The designation would subject the city's planned redevelopment of the reservoir to a state review, and would set the stage for a possible confrontation over the site with the Bloomberg Administration.
The city is planning a $26 million project that would convert part of the three-basin reservoir into a recreation area, despite objections from residents who want the site protected as a natural preserve.
Thomas Panzone, a DEC spokesperson, confirmed the state is eyeing the 160-year-old reservoir, which was decommissioned in 1989 and has reverted back into unkempt parkland.
“DEC is reviewing whether or not the Ridgewood Reservoir should be classified as a state-regulated freshwater wetland,” Panzone said in an email. If that happens any planned changes to the site would be subject to review by the state, and could require a permit under the state's Freshwater Wetland regulations, he said.
The full implications of a wetlands designation on the city's plans for the reservoir remain unclear. But someone with knowledge of the negotiations between the city and state said the DEC's interest has complicated the city's efforts to remake the reservoir.
The city is planning to start phase one work- to upgrade lights and fencing around the reservoir and rebuild a pathway between the second and third basins- this fall.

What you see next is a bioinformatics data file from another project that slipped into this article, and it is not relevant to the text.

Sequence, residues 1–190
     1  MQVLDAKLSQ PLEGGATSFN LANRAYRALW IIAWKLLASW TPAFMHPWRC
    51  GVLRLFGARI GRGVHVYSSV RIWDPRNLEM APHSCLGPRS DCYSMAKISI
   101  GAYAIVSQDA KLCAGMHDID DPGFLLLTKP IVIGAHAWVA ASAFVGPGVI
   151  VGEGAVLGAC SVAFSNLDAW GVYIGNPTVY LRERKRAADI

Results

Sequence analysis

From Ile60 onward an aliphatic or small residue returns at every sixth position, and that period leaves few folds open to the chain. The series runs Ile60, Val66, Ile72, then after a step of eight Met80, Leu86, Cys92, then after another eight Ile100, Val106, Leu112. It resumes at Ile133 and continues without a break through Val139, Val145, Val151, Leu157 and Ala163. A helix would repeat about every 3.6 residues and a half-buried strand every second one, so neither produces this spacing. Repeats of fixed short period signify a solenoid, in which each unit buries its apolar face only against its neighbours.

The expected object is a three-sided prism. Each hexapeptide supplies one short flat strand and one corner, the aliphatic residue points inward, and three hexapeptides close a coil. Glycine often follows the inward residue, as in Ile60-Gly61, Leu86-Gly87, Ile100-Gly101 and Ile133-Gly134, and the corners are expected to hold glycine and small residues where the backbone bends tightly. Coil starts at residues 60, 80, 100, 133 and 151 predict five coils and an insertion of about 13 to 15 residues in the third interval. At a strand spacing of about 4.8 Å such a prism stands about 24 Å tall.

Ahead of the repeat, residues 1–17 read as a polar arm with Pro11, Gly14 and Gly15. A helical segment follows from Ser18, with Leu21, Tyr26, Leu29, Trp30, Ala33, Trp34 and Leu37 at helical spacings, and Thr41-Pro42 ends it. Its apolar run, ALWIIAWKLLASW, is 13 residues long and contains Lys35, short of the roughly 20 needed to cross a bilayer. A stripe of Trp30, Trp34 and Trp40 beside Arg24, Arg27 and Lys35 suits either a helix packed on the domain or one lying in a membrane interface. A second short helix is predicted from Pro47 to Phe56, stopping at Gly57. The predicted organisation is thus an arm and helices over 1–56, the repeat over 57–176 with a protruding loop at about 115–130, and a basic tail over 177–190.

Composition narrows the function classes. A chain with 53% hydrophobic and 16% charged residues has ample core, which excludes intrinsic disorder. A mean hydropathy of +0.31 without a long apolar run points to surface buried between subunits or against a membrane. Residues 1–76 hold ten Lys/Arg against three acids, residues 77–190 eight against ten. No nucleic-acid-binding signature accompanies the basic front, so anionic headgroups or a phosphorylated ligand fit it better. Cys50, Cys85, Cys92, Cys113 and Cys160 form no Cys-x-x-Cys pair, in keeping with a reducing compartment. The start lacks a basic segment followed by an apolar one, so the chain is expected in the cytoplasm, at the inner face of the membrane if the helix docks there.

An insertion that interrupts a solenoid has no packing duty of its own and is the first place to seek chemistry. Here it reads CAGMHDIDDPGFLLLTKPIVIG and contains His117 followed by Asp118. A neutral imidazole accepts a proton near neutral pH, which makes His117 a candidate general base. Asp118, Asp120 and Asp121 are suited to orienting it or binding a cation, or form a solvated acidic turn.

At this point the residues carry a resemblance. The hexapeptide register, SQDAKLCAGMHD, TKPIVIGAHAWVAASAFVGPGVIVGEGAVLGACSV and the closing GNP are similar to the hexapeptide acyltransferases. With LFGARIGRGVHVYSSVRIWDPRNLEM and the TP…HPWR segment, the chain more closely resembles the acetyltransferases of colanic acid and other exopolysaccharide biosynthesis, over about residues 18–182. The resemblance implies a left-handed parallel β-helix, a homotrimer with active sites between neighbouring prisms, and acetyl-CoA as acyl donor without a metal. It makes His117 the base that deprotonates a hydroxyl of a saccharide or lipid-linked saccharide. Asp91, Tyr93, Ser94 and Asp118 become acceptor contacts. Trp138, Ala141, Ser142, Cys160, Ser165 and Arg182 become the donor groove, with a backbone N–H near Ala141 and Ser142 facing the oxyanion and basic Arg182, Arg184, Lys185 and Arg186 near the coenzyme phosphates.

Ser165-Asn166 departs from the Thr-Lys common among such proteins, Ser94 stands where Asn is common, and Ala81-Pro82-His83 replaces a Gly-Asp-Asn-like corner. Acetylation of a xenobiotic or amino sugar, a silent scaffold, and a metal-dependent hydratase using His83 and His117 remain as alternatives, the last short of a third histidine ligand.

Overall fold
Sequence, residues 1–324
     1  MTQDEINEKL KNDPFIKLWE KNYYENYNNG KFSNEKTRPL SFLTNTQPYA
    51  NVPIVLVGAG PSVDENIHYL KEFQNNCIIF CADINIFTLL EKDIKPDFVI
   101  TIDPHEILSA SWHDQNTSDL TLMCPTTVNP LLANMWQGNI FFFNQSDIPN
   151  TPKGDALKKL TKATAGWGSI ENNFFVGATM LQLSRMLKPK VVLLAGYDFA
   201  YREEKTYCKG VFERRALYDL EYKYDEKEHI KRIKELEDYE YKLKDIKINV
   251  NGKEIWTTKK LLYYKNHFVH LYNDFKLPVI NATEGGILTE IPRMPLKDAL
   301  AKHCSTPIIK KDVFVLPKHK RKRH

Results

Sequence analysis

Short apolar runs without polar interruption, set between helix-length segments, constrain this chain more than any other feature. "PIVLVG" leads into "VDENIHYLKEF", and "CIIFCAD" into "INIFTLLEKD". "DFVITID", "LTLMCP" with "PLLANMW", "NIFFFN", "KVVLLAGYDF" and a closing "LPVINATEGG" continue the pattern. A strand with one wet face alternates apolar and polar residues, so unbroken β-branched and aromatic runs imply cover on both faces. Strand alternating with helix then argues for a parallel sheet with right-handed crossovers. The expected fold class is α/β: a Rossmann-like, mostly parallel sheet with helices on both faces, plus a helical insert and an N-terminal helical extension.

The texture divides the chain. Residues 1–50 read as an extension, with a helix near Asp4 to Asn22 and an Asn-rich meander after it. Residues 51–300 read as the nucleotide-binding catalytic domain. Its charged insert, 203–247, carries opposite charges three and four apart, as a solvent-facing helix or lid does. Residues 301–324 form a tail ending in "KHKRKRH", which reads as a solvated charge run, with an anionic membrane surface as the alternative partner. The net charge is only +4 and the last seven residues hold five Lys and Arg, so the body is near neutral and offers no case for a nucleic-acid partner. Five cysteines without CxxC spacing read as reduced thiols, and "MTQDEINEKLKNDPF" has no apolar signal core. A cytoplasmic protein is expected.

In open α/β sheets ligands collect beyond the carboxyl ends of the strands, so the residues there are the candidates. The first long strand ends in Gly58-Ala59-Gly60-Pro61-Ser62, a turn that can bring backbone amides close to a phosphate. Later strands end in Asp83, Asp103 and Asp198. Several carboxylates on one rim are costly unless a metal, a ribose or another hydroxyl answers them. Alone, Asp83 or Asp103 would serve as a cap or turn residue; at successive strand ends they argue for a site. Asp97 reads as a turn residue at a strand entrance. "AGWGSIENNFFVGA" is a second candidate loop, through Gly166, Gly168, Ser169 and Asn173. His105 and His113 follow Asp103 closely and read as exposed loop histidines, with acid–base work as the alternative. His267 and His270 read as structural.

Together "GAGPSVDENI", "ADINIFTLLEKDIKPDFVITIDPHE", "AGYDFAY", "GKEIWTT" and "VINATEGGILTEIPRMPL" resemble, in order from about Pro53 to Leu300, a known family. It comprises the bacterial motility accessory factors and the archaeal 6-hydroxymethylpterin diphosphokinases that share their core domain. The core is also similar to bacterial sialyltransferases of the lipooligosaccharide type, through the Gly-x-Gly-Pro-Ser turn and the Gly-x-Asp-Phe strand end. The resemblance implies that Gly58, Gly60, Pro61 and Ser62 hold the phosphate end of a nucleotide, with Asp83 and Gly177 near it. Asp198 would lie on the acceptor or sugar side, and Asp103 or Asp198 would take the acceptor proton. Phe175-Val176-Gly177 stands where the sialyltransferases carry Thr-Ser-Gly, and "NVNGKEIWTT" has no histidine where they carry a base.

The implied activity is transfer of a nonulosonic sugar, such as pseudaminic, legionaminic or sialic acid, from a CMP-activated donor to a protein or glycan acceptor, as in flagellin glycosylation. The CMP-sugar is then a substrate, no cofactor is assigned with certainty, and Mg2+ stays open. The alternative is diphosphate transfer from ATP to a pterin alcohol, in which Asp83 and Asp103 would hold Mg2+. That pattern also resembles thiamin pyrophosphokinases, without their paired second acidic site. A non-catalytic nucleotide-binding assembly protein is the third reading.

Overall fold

But the thought of complex wetlands regulations has raised concerns inside the Parks Department over its phase two plans to replace part of the third basin with an active recreation area. The work could prove difficult if the site were protected.
Parks Department spokesperson Trish Bertuccio said the city is working closely with DEC to "investigate conditions on the site."
The phase two plan is deeply unpopular with local preservationists and Community Board 5, which recommended improving the existing ball fields in adjacent Highland Park instead of building new ones inside the reservoir.
“We'd like to see it be a nature preserve,” said Gary Giordano, CB5's district manager. If the wetlands designation allows for passive recreation on the reservoir's pathways “that's a lot more palatable than any kind of recreation development inside the reservoir,” he said.
Assemblyman Mike Miller said a state-regulated wetlands would provide important protection for wildlife within the reservoir, home to over 100 bird species. “It would curtail some of the changes the parks department wants to make,” Miller said, “but it would protect the basins the community wants protected.”